Help keep the Georgia Archives open

I previously reported on the closure of the Georgia Archives, effective 1 November 2012. Since then quite a bit has happened, including the termination of seven of the ten remaining employees, leaving only three employees to service all of the Archives’ functions.

At noon on October 3, the Coalition to Preserve the Georgia Archives and the Friends of the Georgia Archives & History will be leading a rally at the Georgia Capitol Rotunda. It is very important that this rally has a large turnout, in order to truly influence the decision-makers. If you are anywhere near Atlanta, please try to make it to this rally. See the flyer below for more information.

For those of you who cannot make it to Atlanta on October 3, you can still help by signing the petition to keep the Archives open. At the time of this writing, the petition has just under 16,000 supporters. It has been promoted by archivists, historians, genealogists, and librarians in states around the nation. More help is still needed. The petition has a goal of 20,000 signatures. To be sure that our voices are heard, we should try to surpass that goal.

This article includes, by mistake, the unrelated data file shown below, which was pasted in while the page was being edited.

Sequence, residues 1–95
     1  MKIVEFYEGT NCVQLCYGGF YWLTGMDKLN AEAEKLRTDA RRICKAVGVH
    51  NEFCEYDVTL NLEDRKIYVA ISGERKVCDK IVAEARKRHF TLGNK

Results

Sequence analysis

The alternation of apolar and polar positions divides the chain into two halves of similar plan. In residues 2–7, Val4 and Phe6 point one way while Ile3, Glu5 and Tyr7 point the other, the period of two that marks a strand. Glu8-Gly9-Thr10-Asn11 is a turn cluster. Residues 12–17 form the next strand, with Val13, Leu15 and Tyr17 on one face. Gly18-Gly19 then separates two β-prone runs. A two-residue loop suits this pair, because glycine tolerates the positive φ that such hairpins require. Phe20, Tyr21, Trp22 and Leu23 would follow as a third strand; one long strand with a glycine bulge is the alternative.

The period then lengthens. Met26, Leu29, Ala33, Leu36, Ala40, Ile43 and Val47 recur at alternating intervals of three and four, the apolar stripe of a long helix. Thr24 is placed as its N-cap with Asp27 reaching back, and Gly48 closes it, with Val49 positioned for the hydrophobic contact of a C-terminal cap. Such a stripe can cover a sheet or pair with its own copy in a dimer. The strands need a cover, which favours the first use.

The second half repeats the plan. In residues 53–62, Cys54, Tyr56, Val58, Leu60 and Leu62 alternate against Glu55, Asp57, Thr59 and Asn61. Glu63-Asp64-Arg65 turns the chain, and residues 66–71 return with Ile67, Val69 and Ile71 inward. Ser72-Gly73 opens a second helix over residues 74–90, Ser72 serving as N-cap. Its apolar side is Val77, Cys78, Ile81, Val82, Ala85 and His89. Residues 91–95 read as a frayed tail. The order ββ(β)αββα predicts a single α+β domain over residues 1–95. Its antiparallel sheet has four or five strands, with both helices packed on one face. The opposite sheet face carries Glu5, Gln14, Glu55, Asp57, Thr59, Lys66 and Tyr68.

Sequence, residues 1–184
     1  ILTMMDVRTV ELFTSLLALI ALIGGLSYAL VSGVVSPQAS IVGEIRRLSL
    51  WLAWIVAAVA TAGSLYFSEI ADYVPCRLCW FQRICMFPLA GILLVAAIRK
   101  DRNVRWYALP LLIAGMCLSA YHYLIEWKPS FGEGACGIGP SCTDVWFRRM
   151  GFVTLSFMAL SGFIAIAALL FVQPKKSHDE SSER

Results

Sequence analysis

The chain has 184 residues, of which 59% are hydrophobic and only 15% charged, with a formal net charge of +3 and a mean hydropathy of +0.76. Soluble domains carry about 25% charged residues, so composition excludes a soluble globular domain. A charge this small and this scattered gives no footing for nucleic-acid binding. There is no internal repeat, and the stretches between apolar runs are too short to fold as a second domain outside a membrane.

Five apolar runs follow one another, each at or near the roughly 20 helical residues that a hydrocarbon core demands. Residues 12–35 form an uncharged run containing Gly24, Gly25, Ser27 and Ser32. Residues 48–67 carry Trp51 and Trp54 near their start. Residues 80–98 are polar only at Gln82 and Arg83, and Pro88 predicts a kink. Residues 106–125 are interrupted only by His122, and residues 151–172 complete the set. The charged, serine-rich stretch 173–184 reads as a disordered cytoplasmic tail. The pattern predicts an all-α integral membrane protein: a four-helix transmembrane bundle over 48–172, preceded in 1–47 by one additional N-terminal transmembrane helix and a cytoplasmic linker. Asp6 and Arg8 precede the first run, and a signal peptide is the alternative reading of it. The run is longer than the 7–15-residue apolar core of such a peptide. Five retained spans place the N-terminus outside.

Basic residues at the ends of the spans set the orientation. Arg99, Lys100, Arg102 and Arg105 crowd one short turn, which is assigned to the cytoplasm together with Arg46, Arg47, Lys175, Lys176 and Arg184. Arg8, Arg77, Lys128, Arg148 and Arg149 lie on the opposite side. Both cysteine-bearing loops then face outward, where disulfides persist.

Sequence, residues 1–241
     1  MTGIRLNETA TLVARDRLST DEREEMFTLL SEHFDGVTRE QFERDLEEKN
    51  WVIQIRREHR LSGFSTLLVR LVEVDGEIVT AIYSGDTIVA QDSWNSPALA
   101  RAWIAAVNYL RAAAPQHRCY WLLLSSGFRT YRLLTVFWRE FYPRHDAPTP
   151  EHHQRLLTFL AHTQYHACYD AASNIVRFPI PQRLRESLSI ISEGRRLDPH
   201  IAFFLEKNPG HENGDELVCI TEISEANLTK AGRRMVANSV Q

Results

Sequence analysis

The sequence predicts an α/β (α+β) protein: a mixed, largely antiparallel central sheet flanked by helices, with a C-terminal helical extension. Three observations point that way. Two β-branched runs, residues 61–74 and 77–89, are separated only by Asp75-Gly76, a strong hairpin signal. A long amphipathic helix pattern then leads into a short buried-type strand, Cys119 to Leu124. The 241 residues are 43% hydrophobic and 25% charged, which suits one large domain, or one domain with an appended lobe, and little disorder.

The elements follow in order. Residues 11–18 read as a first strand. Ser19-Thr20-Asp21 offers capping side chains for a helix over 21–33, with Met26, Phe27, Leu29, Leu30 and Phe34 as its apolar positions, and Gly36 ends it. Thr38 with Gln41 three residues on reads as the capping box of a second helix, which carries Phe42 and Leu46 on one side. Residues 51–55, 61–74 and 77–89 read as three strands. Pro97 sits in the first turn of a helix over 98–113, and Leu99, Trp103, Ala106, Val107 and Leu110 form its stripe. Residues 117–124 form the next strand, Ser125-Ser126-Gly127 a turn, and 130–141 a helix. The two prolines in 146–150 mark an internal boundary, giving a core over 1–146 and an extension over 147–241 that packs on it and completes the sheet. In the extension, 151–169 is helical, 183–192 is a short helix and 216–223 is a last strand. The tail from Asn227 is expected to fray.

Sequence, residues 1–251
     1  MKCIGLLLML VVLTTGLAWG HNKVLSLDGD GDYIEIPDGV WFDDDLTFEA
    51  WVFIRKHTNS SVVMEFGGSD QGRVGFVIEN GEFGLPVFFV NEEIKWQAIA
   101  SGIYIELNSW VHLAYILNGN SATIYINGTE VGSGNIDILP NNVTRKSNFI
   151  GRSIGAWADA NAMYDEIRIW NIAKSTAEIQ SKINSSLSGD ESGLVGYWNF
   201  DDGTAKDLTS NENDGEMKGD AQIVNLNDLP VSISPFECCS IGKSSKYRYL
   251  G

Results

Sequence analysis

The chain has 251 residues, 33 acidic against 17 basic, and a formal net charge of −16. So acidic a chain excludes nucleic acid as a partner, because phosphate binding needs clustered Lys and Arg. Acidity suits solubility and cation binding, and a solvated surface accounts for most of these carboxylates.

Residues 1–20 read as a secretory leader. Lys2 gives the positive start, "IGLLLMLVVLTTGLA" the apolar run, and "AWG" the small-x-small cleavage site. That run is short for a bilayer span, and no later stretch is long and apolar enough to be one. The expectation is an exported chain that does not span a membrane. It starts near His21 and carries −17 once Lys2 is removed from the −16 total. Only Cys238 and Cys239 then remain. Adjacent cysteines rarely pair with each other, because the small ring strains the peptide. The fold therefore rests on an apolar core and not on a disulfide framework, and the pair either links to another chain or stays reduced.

Governor Deal has vowed to keep the Archives open. That was before 70% of the employees lost their jobs. Ironically, he also declared October as “Archives Month.” Hopefully, we are making the Secretary of State reconsider his decision, but so far nothing has changed. We obviously need to do more.

Visit the Friends of the Georgia Archives & History’s website at http://www.fogah.org/ for more actions you can take to help.

Capitol Rally 10-3-12

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5 responses to this post.

  1. Michael,

    Yesterday, NARA held it’s annual Records Administration Office Conference, it’s 24th. The main topic of discussion was the Presidential Records Management memoranda announced November 28, 2011 in which the President of the United States requested the Chief Records Officer set out “to develop a 21st-century framework for the management of Government records. This framework will provide a foundation for open Government, leverage information to improve agency performance, and reduce unnecessary costs and burdens.” (http://www.whitehouse.gov/the-press-office/2011/11/28/presidential-memorandum-managing-government-records accessed 26 Sept 2012) What does this have to do with Georgia? Everything. Let me explain.

    During the morning, there was a Q&A session. In that session, questions are taken from the audience as well as those participating in the conference virtually. As an Archivist, and a Genealogist, I took the opportunity to ask what, if anything, NARA or the Archivist of the United States, David Ferriero, had to say about this situation, framing it in the context that the State’s actions are counter to what is happening at the Federal level. The ‘non-answer’ that both Paul Webster, Director of the Modern Records Program, provided, along with the answer of David Ferriero, only underscores how dire this situation has become. You can see their answers in the video ( http://www.ustream.tv/recorded/25699469) starting at 1:22:19 and ending at 1:23:37.